A few weeks ago, I talked how my love of hockey intertwined with my new career in the realm of social compliance. A week after the article was written, the Capitals won their first Stanley Cup Championship in franchise history. During the final series, I did what any sports fan would do: I became a creature of routine bordering on what some may call extreme superstition.
I went to the same venue (Port City Brewing Company based out in Northern Virginia) and every game during the finals, I rotated jerseys, specifically the jerseys I own bearing the name and number of Capitals captain Alex Ovechkin.
(Special Side Note: I did wear the Holtby jersey for one game during the finals…it was the game they lost.)
On June 7, the Capitals won the Stanley Cup and to say I was elated was putting it mildly. A couple of days later, I came upon the jersey I wore for the clinching game of the series.
This jersey was in fact the first Ovechkin jersey I had purchased all the way back in 2007 when I arrived in the Washington DC metropolitanarea.
Like I had done with the Holtby jersey I had purchased weeks earlier, I took a good look at the label.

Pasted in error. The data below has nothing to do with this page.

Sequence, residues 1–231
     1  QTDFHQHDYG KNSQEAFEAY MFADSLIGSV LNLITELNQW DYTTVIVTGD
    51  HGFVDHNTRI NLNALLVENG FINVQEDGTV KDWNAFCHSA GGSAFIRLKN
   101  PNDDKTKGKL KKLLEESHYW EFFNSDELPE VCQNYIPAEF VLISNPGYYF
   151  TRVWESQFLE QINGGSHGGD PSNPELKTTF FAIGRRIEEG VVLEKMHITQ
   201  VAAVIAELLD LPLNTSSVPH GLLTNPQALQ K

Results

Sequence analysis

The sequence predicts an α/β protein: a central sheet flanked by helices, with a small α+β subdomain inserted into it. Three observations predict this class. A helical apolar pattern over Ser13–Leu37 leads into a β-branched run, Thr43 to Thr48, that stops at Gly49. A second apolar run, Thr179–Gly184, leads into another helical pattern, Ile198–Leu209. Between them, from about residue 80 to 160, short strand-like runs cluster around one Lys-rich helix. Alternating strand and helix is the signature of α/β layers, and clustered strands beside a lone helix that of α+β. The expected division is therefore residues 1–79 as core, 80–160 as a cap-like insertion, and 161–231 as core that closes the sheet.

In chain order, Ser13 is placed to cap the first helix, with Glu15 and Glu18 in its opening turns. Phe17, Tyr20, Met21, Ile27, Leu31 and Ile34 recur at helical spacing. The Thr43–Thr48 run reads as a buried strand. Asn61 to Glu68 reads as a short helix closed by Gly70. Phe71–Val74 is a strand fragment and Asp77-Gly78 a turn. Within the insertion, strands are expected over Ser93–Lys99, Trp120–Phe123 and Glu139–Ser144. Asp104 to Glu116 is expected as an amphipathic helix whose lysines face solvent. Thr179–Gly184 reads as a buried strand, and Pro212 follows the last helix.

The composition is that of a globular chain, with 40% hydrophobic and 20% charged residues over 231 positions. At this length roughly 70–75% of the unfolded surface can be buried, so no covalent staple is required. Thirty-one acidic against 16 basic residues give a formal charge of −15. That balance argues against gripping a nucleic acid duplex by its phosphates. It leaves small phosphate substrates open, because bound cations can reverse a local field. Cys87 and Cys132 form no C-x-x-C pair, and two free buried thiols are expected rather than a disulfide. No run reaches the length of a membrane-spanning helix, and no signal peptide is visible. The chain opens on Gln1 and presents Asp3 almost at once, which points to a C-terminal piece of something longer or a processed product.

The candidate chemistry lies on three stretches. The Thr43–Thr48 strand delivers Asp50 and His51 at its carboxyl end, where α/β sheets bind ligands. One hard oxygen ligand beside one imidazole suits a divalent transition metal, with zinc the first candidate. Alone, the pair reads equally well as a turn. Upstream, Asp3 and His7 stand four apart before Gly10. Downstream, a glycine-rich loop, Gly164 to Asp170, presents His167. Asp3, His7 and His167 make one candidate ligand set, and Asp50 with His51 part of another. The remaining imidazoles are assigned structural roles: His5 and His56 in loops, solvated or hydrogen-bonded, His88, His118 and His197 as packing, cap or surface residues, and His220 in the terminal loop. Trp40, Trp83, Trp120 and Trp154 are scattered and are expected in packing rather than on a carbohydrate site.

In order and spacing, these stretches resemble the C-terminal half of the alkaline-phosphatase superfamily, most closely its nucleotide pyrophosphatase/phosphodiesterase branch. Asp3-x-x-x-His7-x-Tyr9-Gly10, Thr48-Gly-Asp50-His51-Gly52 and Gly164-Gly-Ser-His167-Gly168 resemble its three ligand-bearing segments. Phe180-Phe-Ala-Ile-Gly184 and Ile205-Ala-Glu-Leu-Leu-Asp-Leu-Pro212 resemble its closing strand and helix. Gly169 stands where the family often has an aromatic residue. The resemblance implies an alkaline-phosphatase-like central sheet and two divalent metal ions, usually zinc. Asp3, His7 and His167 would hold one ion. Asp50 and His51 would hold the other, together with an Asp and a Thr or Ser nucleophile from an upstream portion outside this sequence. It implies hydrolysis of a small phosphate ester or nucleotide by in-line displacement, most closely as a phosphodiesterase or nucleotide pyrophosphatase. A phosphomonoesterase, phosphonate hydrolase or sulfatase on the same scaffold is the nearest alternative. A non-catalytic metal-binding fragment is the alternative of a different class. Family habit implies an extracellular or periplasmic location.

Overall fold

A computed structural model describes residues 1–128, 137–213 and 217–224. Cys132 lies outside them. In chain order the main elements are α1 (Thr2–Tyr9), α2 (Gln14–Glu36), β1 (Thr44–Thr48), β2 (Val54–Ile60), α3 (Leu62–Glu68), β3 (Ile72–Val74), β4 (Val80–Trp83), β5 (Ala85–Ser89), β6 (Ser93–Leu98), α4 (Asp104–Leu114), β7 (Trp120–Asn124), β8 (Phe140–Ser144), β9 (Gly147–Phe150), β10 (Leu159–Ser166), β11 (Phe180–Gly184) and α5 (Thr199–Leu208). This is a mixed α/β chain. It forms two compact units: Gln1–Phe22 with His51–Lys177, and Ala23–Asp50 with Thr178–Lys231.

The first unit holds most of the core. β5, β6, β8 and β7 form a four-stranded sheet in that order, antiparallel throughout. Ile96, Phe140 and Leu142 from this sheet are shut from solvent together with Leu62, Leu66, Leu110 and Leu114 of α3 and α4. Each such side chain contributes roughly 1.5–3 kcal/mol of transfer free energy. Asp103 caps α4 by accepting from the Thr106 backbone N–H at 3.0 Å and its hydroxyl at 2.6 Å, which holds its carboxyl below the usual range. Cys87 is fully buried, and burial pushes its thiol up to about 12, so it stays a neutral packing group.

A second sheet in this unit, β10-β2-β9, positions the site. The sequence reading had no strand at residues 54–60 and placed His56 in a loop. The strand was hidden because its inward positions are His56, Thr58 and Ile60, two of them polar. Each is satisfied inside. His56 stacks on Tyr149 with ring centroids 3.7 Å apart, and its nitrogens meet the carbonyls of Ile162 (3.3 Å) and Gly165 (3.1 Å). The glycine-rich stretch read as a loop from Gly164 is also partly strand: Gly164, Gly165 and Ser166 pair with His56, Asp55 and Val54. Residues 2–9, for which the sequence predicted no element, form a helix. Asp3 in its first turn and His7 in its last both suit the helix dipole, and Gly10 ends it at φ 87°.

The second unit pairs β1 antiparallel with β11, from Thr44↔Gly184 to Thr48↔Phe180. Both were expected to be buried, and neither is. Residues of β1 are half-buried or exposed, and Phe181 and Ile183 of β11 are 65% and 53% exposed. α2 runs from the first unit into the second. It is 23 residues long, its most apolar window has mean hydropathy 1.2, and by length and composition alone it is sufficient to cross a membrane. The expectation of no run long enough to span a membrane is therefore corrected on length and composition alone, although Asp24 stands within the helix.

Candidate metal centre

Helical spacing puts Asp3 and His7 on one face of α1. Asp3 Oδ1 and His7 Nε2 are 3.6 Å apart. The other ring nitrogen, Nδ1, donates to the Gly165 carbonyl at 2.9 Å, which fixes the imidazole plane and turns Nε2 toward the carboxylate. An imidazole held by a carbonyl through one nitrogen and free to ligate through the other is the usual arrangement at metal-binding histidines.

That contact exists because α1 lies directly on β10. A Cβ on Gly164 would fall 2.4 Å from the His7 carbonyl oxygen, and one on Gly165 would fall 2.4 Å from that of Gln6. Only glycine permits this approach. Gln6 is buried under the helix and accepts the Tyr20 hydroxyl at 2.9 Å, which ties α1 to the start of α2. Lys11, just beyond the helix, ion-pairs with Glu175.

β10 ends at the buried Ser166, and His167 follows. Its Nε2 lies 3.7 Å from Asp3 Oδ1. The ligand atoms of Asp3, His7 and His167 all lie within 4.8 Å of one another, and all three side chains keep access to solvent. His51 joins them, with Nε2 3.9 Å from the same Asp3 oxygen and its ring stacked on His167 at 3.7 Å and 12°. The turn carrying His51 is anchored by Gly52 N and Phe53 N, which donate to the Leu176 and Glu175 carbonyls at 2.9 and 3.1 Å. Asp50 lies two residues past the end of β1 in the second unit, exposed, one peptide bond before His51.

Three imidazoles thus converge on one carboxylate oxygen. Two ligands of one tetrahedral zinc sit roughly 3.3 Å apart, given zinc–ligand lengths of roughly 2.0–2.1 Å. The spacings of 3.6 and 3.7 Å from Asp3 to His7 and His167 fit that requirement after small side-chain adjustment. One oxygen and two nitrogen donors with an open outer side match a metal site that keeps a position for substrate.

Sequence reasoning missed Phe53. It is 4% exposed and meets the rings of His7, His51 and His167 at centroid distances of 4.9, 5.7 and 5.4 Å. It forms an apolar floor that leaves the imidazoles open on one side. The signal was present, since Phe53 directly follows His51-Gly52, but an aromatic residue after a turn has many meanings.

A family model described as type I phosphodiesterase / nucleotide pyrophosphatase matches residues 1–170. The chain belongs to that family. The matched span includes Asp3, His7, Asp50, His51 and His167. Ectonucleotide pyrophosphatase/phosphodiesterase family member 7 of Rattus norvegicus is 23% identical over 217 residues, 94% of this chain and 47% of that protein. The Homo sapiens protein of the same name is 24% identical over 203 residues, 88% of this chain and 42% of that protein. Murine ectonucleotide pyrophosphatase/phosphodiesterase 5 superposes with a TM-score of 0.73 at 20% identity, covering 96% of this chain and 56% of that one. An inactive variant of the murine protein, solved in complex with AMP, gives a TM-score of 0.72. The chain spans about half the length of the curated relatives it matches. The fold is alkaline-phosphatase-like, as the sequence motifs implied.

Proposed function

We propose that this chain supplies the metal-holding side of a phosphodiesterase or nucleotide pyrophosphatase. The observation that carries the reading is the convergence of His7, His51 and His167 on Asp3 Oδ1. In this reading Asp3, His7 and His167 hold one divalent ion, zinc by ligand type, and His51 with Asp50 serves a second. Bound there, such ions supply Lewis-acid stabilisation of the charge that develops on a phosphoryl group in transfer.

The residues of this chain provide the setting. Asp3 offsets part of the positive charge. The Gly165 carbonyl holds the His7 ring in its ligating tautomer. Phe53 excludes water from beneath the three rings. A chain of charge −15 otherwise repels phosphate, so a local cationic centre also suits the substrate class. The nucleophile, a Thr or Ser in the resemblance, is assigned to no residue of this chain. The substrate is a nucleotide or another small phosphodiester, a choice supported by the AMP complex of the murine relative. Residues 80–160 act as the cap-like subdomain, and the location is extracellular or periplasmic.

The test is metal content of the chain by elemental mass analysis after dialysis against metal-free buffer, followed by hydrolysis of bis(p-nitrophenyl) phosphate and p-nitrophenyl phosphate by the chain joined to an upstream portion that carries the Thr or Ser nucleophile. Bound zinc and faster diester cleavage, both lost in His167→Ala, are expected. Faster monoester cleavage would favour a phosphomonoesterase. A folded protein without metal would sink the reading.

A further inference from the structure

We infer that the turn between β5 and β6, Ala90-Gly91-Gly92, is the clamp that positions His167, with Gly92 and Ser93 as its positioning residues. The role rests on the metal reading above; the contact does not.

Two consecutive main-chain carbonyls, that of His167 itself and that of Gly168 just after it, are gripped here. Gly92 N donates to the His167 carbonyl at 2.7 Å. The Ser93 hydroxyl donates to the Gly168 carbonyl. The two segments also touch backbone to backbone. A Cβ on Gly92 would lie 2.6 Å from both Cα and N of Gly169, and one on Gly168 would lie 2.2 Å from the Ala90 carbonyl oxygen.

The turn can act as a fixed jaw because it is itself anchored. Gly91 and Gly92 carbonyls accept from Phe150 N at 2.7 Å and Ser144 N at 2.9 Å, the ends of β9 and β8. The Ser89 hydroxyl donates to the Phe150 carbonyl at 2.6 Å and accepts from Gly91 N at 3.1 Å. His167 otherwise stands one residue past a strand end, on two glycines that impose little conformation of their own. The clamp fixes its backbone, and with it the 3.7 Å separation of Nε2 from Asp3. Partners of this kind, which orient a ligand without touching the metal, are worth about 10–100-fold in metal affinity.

And then of course, much like before, I began a long consideration about this jersey’s journey from production to my fingertips.
I also reflected on the journey that the whole social compliance realm, to my knowledge, had taken in that 11 year time frame. While not made in Bangladesh, the older Ovechkin jersey had come from the pre-Rana Plaza world.
Ethical sourcing was not quite the priority it was in 2007 as it is in 2018. After considering these facts, it’s safe to say that I am at least uncertain to the exact nature of how that 2007 jersey was sourced. I have much more peace of mind when it comes to the newest addition to my jersey collection.
Also, I went ahead and did what any good fan does. I bought A LOT of championship memorabilia.
When I look at the labels of all the “swag” I bought- many if not all brands here have made the commitment towards ethical sourcing of apparel. I can have at least some level of confidence that the individual (s) that assembled my “swag” are being paid properly, possess safe working conditions and are not being forced work hours that border on the inhumane.
There are still several issues to address. The sports apparel world is a bastion for counterfeit products, which not only do not have the same assurances when it comes to ethical sourcing and production of these items is known to aid organized crime and even terrorism. This might be something to talk about to down the road.
In the meantime, I want to leave everyone with a happier image.
Yes, that is me on the right, touching the Stanley Cup. Wearing another one of the jerseys that brought me a measure of good luck.